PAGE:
After years serving on obscure and thankless peacekeeping missions around the world, Canadian troops were back on the front lines, their first offensive engagement since Korea in 1953. Over 13 years—Canada’s longest war—some 158 Canadian soldiers are known to have died, reawakening the Canadian public to the role its military has played over the century and a half since Confederation.

The notion of commemorating soldiers who died anonymously with a tomb containing the remains of a single unidentified soldier emerged after the First World War which, at the time, was considered The Great War, the war to end all wars.

About 8.6 million soldiers from all sides died in WW I. Motivated largely by the draconian terms of its unconditional surrender, Nazi Germany started another war of conquest in 1939. Some 75 million people died between 1939 and 1945, about 20 million of them military personnel.

Of the more than 66,000 Canadians who died in the First World War, almost 20,000 have no identifiable grave.

A headstone marks the original grave of Canada’s unknown soldier at the Cabaret-Rouge British Cemetery in France.
Commonwealth War Graves Commission
As early as November 1916 in France, a local officer of Le Souvenir français proposed the idea of burying “an unknown soldier.” The proposal went to the French parliament in November 1918 and passed the following September.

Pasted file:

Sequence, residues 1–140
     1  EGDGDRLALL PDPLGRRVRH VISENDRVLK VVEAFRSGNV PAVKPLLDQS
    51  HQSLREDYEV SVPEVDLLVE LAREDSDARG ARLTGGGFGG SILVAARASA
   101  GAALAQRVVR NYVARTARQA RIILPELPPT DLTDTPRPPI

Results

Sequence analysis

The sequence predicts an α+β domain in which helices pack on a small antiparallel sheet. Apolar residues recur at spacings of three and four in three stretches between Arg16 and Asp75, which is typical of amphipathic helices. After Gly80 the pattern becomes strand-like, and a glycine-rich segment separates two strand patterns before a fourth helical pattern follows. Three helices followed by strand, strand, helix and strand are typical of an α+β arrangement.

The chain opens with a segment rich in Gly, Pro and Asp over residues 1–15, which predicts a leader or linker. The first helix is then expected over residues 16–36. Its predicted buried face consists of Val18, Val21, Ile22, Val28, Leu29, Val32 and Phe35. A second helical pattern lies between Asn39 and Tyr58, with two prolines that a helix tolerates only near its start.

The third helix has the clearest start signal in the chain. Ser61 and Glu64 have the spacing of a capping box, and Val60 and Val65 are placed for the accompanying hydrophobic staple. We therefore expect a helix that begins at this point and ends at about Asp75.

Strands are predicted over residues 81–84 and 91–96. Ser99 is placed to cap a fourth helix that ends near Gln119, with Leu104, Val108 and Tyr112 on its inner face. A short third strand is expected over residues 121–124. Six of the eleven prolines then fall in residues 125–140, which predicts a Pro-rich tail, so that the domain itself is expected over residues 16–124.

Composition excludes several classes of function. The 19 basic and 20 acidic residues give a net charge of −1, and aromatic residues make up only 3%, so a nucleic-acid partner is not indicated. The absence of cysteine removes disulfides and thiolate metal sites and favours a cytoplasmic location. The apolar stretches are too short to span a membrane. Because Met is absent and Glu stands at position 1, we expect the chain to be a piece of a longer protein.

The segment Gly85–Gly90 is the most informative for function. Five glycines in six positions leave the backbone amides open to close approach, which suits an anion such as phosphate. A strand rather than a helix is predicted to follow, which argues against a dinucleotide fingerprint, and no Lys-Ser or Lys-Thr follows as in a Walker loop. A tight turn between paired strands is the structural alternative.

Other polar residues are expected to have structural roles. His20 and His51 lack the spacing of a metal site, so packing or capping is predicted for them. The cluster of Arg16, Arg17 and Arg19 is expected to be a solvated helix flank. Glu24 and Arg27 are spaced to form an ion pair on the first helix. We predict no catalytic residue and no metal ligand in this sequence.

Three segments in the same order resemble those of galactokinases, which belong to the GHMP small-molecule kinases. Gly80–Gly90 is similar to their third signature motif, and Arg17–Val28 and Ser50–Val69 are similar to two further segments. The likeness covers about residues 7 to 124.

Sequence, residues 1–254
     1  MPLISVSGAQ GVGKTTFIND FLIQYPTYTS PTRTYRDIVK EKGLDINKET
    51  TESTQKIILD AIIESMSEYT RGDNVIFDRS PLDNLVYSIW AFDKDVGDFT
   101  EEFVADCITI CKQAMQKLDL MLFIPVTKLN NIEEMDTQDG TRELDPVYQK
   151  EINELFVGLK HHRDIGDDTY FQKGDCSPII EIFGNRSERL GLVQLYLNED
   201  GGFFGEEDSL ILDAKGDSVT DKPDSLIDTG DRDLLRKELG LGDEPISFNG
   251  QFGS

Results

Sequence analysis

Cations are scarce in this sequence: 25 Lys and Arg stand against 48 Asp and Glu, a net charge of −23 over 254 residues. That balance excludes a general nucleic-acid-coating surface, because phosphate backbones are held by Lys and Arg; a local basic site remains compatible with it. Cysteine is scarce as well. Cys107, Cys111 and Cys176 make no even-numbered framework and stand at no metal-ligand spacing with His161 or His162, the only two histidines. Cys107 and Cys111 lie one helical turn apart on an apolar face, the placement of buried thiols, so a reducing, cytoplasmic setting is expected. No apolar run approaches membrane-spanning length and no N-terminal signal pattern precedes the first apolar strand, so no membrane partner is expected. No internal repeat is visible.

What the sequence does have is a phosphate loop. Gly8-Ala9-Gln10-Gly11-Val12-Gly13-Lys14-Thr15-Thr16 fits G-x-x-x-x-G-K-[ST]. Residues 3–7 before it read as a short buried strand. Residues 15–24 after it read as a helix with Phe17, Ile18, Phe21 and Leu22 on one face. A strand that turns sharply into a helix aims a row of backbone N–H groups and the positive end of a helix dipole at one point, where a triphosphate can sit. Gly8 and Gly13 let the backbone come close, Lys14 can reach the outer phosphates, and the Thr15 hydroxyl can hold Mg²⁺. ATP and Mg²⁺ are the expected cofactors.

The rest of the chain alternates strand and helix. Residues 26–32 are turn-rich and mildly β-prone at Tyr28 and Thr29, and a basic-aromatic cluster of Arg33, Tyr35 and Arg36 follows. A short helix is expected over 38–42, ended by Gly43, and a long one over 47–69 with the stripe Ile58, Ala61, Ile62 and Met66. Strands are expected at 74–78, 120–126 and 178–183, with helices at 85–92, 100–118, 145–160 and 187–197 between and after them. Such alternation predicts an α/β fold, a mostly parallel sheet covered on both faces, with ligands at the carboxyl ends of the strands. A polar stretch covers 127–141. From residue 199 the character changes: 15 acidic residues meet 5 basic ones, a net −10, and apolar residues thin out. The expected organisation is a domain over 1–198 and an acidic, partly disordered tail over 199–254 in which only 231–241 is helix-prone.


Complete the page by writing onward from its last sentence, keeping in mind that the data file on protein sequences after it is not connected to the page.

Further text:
In Britain, Reverend David Railton proposed a similar initiative after he saw a grave marked by a rough cross while serving in the British Army as a chaplain on the Western Front. It was inscribed in pencil with the words “An Unknown British Soldier.”

Both countries planned symbolic funerals and burials of a single “unknown warrior.” Railton proposed that the British version include a national monument. The idea received high-level backing and widespread public support.

The United Kingdom and France held ceremonies on Armistice Day 1920. In the UK, the Tomb of the Unknown Warrior was created at Westminster Abbey, while in France La tombe du soldat inconnu was placed in the Arc de Triomphe.

The idea soon gained traction around the world. The United States unveiled its own Tomb of the Unknown Soldier in 1921 at Arlington National Cemetery, across the Potomac River from Washington, D.C.

The Americans have since entombed the remains of unknown soldiers from the Second World War, Korean War and Vietnam at the site.

Other nations have followed suit—at least 58 to date. In Chile and Ukraine, second unknown tombs were unveiled to commemorate The Unknown Sailor.

With the advent of DNA analysis, scientists have been able to identify human remains as far back as the War of 1812. At least one unknown combatant whose remains were memorialized as such has been identified by DNA analysis—an airman from the Vietnam War.

Since 2007, the National Defence Casualty Identification Program has identified 31 Canadians and 19 foreign nationals through a variety of methods, including historical, archaeological and anthropological research; laboratory sciences; forensic odontology; genealogy; and artifacts. It has buried five sets of unidentifiable remains.

War dead from the two world wars, Korea and other conflicts are buried overseas in lands offered up for the purpose by the countries in which they fell.

Canada changed its policy against the repatriation of war dead in July 1970 and now brings their remains home for burial at a site chosen by their families.

The Commonwealth War Graves Commission commemorates the 1.7 million Commonwealth servicemen and women who died during the two world wars. It operates in more than 23,000 locations in more than 150 countries and maintains an extensive records archive.

A man and his son visit the National War Memorial and the Tomb of the Unknown Soldier in Ottawa on Nov. 10, 2019.
Stephen J. Thorne/Legion Magazine